'Nest eggs' better feathered thanks to QUT superannuation researcher
A scholarly body of research on superannuation that has informed policy and regulation nationally and internationally has gained QUT School of Economics and Finance Associate Professor Anup Basu the 2017 QUT Research Impact Award.
His research was recently accorded the highest ‘4 Star’ (outstanding impacts in terms of reach and significance) classification by an assessment panel comprising domestic and international reviewers with experience in impact panel or UK’s Research Excellence Framework.
The ‘nest eggs’ of millions of people globally have been influenced by Professor Basu’s research which has been called upon by many institutions including Australia’s Productivity Commission, the US Government Accountability Office, the US Securities and Exchange Commission, and multilateral organisations including the OECD, IMF and World Bank.
Australia’s superannuation sector has also benefitted from Professor Basu’s research findings,including peak industry bodies such as the Association of Superannuation Funds in Australia (ASFA), superannuation funds like QSuper and investment companies including QIC.
Professor Basu said there is substantial research evidence that suggested most superannuation or retirement plan members passively accepted the default investment option nominated by the trustees, despite being offered the opportunity to choose their investment strategy.
“Therefore, it is important that the default investment options are appropriately designed to meet the retirement goals of these employees,” Professor Basu said.
“Our research on default investment arrangements has been influential in driving legislative and regulatory changes, the development of new investment products and policy recommendations that will affect the retirement savings of tens of millions of employees in Australia and beyond.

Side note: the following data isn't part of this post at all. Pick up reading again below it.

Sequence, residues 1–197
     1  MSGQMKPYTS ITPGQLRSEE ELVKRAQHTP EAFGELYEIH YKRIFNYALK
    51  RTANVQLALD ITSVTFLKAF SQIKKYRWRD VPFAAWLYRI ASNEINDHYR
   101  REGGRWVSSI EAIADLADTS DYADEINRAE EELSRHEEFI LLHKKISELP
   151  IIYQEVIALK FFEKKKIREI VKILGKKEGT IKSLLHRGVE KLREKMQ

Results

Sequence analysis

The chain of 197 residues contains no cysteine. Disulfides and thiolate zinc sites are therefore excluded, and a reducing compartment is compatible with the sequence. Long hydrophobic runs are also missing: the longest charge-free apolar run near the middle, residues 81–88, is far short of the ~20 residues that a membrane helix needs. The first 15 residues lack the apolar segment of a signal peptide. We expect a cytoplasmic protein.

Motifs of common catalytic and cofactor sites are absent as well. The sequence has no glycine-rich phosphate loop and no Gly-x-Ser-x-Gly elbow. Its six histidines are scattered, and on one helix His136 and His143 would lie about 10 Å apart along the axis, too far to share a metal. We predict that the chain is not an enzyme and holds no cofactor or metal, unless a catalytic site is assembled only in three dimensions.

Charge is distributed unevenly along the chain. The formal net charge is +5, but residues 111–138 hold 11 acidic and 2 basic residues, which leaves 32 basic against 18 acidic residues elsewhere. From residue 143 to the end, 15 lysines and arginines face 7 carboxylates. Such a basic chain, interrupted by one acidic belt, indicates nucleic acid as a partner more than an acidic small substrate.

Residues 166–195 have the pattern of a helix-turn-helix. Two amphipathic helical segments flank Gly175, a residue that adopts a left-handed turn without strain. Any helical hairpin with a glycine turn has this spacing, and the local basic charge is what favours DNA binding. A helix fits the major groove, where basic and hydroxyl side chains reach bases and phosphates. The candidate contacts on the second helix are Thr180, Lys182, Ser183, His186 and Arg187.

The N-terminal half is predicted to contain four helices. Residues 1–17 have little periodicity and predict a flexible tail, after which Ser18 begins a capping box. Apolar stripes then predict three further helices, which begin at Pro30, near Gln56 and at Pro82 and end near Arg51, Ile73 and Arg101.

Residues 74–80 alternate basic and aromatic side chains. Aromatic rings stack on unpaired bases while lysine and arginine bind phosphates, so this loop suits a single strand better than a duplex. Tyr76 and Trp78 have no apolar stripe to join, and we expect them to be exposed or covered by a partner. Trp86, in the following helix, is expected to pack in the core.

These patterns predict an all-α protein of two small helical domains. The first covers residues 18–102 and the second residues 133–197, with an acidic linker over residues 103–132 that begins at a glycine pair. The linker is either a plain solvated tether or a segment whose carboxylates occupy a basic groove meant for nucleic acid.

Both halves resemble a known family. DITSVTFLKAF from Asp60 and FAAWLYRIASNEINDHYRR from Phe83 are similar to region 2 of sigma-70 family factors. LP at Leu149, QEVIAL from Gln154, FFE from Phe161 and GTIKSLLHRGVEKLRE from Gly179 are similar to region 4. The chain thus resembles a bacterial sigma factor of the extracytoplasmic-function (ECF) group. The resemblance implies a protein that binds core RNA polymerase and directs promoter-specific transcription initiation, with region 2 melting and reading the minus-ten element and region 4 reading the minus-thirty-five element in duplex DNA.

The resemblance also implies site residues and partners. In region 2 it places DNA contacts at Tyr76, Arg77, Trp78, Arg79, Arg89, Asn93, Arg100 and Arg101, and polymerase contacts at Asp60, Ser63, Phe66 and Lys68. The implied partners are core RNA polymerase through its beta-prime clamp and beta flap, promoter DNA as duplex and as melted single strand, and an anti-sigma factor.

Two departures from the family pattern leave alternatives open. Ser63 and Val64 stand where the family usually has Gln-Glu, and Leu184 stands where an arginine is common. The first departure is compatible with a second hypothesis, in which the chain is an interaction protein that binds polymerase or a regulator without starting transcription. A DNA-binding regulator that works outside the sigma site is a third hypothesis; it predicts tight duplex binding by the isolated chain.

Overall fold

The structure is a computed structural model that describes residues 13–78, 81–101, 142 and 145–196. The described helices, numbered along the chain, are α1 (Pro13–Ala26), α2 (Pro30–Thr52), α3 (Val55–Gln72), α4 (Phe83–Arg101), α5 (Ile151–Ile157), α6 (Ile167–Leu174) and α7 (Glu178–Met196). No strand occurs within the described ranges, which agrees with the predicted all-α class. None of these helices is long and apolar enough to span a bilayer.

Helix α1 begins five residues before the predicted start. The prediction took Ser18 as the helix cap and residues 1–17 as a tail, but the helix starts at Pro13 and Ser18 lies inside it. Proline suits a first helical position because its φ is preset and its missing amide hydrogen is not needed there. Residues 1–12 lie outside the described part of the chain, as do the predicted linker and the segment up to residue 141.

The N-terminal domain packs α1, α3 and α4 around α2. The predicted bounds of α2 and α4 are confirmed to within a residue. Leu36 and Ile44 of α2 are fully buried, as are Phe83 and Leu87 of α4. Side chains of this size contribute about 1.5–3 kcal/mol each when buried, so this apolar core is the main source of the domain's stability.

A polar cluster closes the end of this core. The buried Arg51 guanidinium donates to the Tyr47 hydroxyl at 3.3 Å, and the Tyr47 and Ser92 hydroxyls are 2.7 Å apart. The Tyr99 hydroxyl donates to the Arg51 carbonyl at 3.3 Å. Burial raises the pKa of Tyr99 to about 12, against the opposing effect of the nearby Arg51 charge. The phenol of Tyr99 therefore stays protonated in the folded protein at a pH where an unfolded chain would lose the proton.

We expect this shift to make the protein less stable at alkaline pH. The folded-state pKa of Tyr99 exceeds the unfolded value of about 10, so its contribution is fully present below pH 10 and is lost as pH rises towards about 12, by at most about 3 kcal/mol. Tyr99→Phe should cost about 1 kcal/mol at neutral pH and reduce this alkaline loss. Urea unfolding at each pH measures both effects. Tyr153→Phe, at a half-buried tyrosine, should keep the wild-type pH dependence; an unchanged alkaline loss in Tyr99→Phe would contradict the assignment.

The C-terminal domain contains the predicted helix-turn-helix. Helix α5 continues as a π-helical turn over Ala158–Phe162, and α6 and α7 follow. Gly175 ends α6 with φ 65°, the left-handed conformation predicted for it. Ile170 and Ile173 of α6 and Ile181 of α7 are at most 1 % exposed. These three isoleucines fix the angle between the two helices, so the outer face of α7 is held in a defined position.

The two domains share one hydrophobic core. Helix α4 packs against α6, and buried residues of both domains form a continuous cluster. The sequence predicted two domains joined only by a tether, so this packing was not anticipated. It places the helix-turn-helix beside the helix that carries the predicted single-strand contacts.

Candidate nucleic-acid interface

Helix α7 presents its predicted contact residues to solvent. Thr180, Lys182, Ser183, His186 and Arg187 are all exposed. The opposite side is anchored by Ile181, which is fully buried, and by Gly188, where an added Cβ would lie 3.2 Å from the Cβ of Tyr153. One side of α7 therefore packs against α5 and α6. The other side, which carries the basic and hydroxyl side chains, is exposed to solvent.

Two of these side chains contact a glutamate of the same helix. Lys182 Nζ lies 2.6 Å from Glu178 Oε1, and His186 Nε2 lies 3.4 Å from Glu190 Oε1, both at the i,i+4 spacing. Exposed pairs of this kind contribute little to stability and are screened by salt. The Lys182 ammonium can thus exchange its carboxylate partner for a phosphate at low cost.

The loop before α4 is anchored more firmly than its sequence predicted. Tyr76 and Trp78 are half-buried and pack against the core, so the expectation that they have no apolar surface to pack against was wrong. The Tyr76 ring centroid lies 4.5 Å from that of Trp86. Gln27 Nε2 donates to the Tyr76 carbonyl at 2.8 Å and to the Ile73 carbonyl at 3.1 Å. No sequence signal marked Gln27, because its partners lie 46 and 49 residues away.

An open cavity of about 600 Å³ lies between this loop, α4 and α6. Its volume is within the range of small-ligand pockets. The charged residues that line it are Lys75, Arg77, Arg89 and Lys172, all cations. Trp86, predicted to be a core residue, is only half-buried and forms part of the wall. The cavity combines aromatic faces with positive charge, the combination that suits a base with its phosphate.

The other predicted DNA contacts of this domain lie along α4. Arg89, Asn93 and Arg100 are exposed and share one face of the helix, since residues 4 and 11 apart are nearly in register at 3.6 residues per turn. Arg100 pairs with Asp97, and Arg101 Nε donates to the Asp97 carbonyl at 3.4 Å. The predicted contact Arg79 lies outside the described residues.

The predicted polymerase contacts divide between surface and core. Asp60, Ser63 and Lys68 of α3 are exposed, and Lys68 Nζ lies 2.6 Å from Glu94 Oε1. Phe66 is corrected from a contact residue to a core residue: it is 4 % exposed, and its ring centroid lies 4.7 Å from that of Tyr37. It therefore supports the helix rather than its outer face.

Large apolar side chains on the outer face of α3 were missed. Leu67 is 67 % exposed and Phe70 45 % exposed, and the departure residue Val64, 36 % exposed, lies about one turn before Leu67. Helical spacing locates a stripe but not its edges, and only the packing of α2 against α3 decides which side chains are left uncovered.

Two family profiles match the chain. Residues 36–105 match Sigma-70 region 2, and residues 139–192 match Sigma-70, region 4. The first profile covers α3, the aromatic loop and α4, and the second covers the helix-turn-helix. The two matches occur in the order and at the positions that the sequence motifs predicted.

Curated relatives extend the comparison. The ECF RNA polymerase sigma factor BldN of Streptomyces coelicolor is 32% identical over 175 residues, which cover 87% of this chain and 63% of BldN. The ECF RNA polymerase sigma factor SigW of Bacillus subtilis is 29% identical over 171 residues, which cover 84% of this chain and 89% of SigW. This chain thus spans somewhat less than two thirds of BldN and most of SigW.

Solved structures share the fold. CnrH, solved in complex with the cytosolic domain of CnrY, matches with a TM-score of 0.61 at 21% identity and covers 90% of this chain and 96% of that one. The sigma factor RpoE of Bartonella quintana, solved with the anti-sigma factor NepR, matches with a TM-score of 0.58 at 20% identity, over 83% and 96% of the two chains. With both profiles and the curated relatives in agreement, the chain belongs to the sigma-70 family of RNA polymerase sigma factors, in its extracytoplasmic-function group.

“This, in turn, will affect government spending on provision of age pensions and other social security benefits.”
Professor Basu’s research has directly informed the Cooper Review of Australian Superannuation System and subsequent amendment of Superannuation Guarantee Act that has provided for inclusion of lifecycle products as default “MySuper” options by superannuation funds.
“Since the change, there has been enormous growth in lifecycle products as default investment offerings by superannuation funds,” he said.
“Almost 25 per cent of MySuper options are lifecycle products which account for nearly one-third of the $474 billion superannuation assets invested in MySuper.
“For millions of Australians enrolled in these lifecycle MySuper options, there will be significant reduction in risk of large negative shocks near retirement which will facilitate planning for their retirement with more certainty.”
In the US, Professor Basu’s research assisted government enquiries of Target Date Funds (TDFs) and influenced the marketing rules of these funds particularly in relation to disclosure information to consumers.
“TDFs are the fastest growing segment in the retirement investments market accounting for US$763 billion in assets as of 2015, according to investment research firm Morningstar,” he said.
“The regulatory change and further recommendations from our research are helping American employees make more informed decisions when choosing such funds for their retirement plan contributions.
“Our research has contributed to the OECD’s recommendation to its 35 member nations to design appropriate default investment arrangements for a vast majority of the working population who do not have the knowledge and expertise to choose an investment strategy for their retirement nest egg.”
Associate Professor Anup Basu
QUT Business School
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